Are ‘Natural’ Sweeteners Healthier Than Sugar?

Share
Facebook
Twitter
Pinterest
LinkedIn
Email
Print
Stevia, sugar, pollen and honey

If you’re looking to improve nutrition and cut your sugar intake, you may have considered alternative natural sweeteners. But there’s a lot to keep in mind when choosing these sweeteners.

“Natural sweeteners have become more appealing than sugar because they are less processed and may contain more nutrients and provide healthy benefits,” says University Hospitals registered dietitian Elizabeth Traxler, MS, RDN, LD.

Before we explore some of these alternative natural sweeteners, here are some basics to help you understand sugar and make healthy choices.

The Basics of Sugar

Many healthy foods – fruits, vegetables, whole grains and milk – contain natural sugars. Excess or added sugars are the real problem.

Sugarcane and beet sugar are the two main crops used for table sugar and most natural sweeteners. They contain two types of sugar: fructose and sucrose. The body processes those sugars into glucose for energy. But because sugarcane and beet sugar are highly processed, these sweeteners don’t contain many nutrients, vitamins, minerals or bioactive components such as antioxidants. Stripped of their nutrients, cane and beet sugar provide only extra calories.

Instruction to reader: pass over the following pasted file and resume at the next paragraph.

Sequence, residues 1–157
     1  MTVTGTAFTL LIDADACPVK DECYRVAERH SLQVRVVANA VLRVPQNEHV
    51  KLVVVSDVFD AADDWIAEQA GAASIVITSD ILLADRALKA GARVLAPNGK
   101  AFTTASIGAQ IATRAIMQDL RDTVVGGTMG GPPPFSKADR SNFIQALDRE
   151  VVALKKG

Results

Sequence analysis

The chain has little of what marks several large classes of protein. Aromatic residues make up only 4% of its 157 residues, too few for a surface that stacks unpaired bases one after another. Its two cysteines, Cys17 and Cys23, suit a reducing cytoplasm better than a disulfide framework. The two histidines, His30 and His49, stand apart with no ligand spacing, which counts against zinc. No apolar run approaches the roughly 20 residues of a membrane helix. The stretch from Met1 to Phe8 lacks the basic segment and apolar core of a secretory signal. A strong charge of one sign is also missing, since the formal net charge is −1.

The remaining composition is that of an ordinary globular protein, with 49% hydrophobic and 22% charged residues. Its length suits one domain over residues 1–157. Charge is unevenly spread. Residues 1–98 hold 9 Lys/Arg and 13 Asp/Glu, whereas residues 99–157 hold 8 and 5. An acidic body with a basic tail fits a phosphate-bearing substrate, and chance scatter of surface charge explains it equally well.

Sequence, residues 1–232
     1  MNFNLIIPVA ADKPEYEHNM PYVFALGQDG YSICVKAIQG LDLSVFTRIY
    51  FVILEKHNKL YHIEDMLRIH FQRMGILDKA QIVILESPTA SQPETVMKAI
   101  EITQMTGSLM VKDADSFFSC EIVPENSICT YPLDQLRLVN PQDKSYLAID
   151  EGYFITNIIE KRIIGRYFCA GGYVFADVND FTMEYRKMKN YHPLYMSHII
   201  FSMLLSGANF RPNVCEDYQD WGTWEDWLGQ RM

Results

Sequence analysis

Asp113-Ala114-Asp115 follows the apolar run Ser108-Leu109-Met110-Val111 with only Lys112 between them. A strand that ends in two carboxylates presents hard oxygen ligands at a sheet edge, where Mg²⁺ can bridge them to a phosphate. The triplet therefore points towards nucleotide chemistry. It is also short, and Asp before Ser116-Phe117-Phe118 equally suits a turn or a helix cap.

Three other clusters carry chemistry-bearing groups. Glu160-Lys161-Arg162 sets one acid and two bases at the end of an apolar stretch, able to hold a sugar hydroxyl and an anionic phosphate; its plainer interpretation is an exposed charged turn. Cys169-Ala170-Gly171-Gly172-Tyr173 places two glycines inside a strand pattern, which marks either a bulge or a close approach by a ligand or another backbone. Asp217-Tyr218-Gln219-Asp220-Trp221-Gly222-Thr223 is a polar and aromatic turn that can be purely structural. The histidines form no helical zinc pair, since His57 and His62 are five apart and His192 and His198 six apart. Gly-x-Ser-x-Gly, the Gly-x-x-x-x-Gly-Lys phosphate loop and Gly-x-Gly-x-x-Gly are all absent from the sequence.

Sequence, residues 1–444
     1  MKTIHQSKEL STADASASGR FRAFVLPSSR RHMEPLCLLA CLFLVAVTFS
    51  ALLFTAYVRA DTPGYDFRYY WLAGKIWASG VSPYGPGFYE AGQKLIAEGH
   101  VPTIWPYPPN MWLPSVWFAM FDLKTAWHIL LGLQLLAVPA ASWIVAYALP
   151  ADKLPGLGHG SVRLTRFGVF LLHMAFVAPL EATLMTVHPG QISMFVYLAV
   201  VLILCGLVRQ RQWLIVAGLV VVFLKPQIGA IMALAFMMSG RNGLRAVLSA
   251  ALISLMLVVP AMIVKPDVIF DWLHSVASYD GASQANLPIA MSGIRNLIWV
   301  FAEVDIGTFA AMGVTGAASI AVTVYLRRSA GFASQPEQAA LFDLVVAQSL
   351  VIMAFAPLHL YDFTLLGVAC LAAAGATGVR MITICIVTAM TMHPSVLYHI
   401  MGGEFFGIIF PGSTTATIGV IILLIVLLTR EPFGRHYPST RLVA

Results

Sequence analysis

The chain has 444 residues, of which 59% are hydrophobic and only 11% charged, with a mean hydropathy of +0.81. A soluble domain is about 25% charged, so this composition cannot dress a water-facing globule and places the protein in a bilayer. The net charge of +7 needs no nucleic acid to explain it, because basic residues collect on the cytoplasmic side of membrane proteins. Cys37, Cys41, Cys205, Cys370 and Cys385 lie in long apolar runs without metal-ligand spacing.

The health benefit from different types of sweeteners depends on how you are eating it. No matter the source, keep in mind that an excess of calories, especially from “added” sugars (those that do not occur naturally in food), is associated with obesity, diabetes, heart disease, high blood pressure and other chronic health problems.

Natural Alternatives to Refined Sugar

With those basics in mind, here are some natural sweeteners you can consider as substitutes for conventional sugar.

Stevia